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Tuesday, 21 December 2010

Rocket injures schoolgirl near a kindergarten

The BBC reports accurately "Israeli air strike on Gaza as tensions rise". It says that it was last updated at 07:44; it also says that: "The rockets fired by Palestinian militant groups into Israel rarely cause injury or damage, but they do cause widespread fear." Presumably it will be updated soon to reflect the fact that one such rocket has today injured a schoolgirl after exploding near a kindergarten. It's only Tuesday, and thirteen of these rockets have been fired this week alone, ten of them arriving on Monday. What would be happening to British public opinion if these rockets were being fired at people living over here? How would you feel if you lived in a place that had been hit by thirteen rockets since yesterday? With each rocket containing 7-8kg of explosives - more than the 5-7kg carried by each of the London bombers on 7/7, when they killed 52 people. I've been to Sderot and seen a house that had been torn apart by one of these rockets; rather like the one shown here on the BBC website.

To those of you who will say: "Given the suffering of the people of Gaza, what else can they do but fire rockets?", I would point out that, after Israel withdrew its soldiers and settlers from Gaza in 2005, the people there (or at any rate their leaders) had a choice - they could have chosen to work with the West Bank Palestinians, develop Gaza's economy (aided by the World Bank and many other donors) and talk peace with Israel. Instead of making that choice, Gaza instead became the launch pad for thousands of rockets fired at Israel. And now the UN reports that some of the facilities that the people of Gaza do have are being suppressed by the Hamas regime. Which, let's remember, came to power not in an election, but in a coup d'etat.

I'm not going to pretend to have all the answers; I'm merely asking you to reflect for a moment at the firing of rockets at civilians and kindergartens, and how you would feel if this was happening in the place where you lived. When it comes to the wider questions raised by this conflict, I cannot put it any better than my party's leader, Deputy Prime Minister Nick Clegg, when he said recently:
Liberal Democrats have always supported a two-state solution that would bring peace, justice and security to Israelis and Palestinians alike. The quest for international justice is close to the heart of all Liberal Democrats. This sense of justice has led many Liberal Democrats, myself included, to campaign hard for the rights of the Palestinian victims of the Israeli/Arab conflict.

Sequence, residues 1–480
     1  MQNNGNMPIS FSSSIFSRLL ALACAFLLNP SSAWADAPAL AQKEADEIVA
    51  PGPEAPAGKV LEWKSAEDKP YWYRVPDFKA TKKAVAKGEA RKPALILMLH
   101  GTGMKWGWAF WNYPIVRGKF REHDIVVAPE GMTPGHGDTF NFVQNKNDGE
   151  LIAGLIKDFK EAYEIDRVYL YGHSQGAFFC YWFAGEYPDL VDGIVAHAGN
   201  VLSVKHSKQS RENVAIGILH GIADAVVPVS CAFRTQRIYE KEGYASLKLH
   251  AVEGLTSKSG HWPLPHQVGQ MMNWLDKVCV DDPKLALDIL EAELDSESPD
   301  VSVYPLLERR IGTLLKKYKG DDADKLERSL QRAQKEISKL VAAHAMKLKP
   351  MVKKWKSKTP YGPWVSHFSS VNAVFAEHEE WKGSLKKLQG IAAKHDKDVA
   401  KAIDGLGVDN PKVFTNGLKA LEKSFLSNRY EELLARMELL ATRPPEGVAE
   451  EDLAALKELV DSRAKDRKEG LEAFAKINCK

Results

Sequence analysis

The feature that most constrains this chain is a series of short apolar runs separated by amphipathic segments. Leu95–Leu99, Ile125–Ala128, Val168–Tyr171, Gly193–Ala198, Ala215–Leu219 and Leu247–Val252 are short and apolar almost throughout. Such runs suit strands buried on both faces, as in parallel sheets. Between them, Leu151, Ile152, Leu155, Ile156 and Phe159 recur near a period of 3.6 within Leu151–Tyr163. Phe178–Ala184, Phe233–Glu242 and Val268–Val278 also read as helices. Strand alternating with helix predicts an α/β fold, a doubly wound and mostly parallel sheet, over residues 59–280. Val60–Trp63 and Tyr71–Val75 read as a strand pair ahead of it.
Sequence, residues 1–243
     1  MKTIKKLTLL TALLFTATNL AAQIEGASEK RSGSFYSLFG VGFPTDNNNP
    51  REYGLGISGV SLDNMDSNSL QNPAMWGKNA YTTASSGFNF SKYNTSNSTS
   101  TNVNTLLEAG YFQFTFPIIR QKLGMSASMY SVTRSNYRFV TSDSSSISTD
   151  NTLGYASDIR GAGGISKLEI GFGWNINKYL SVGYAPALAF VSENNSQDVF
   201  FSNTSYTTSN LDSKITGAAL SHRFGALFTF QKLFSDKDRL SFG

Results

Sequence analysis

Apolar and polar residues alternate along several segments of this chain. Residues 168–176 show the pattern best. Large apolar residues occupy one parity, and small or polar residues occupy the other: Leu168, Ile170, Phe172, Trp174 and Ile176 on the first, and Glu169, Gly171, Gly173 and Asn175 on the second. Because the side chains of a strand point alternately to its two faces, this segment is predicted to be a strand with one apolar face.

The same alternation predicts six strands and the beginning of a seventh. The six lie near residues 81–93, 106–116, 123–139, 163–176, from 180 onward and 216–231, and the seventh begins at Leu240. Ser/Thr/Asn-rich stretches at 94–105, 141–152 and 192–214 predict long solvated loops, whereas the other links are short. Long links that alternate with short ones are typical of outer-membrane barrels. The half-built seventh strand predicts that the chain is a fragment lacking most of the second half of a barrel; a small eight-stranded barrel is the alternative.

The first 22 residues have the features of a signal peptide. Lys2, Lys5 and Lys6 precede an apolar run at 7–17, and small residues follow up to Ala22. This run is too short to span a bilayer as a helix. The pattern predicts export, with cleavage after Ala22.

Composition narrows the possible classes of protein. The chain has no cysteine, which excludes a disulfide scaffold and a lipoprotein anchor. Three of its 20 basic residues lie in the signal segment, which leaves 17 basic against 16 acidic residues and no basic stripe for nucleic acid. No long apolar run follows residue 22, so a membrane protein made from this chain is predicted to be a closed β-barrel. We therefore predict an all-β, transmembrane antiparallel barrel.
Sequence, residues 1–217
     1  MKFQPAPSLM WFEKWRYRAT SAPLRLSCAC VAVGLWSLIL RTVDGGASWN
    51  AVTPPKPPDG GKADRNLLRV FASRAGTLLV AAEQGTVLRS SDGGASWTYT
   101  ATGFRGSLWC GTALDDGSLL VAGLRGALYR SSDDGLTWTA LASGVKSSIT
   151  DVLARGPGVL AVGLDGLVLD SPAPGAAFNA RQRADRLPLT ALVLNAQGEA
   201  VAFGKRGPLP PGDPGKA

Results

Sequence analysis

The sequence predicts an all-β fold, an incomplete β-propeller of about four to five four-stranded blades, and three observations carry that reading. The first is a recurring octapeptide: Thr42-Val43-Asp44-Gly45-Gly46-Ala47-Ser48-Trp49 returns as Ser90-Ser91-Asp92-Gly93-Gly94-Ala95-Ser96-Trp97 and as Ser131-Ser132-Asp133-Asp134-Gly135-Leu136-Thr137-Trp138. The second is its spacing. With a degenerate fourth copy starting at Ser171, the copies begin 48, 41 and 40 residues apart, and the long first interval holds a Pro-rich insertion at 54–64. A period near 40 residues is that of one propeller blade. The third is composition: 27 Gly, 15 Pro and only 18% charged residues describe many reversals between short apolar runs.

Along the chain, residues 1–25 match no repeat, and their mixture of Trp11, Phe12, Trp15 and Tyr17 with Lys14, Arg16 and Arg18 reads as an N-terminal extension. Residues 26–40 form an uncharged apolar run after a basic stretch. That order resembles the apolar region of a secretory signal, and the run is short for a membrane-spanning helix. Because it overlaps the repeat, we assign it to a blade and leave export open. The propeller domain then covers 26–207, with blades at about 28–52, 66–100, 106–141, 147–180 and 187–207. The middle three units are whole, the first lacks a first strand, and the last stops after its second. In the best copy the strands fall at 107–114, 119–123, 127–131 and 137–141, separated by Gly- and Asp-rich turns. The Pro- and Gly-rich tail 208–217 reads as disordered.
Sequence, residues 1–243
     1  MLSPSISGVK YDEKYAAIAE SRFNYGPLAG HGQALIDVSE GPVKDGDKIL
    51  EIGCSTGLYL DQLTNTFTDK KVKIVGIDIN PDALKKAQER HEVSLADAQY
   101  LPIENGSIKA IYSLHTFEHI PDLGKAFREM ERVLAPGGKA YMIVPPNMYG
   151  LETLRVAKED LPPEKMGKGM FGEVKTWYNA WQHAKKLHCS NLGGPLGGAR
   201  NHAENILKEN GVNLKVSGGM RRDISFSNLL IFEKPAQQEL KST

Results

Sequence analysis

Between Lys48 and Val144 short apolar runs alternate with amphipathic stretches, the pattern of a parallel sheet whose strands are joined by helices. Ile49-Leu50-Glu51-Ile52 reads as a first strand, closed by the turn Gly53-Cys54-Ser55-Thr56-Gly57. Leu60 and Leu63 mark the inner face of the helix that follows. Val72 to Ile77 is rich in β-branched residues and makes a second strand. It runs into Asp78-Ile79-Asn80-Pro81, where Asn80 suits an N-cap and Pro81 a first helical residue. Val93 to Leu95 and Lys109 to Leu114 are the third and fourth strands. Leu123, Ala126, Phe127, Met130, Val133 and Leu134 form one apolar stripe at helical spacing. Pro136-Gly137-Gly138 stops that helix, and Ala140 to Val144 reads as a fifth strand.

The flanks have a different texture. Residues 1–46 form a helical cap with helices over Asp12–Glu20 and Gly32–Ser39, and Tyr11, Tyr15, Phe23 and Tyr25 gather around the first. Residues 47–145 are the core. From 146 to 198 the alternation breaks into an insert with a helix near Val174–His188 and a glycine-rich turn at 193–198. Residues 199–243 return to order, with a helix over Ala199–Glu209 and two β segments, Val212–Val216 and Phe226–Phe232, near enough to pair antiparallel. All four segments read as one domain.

That campaigning for justice for the Palestinian people has been heard loud and clear from the Liberal Democrats. It should always have been accompanied, equally loudly and equally clearly, by an awareness of the security challenges faced by Israel and of the right of Israel to defend itself against the threats that it continually faces.

However, I’m not certain that we Liberal Democrats have always made ourselves clearly heard on this, so let me say it again now: Israel’s right to thrive in peace and security is non-negotiable for Liberal Democrats. No other country so continually has its right to exist called into question as does Israel, and that is intolerable. There can be no solution to the problems of the Middle East that does not include a full and proper recognition of Israel by all the parties to the conflict.

On behalf of the UK Government, I wish the latest Israeli/Palestinian talks well, but I go further – whatever the UK can do, working with its international partners in the EU and the UN, to support the Americans in furthering the peace process – whatever we can do, not only must be done, but will be done.

I particularly believe the EU, as an economic superpower neighbouring Israel and Palestine, has a huge role to play to persuade both sides to take steps towards peace. The EU both can and should use its economic clout to put pressure on both sides; to encourage Israel to restrict its settlement building program and to push all Palestinians into recognising Israel’s right to exist.

Everybody knows what a peaceful settlement to the conflict would look like. We have come so close to achieving it before. Should it come within our grasp again, it must not be allowed to slip. Generations of Israeli, Palestinian and Arab children demand and deserve nothing less.

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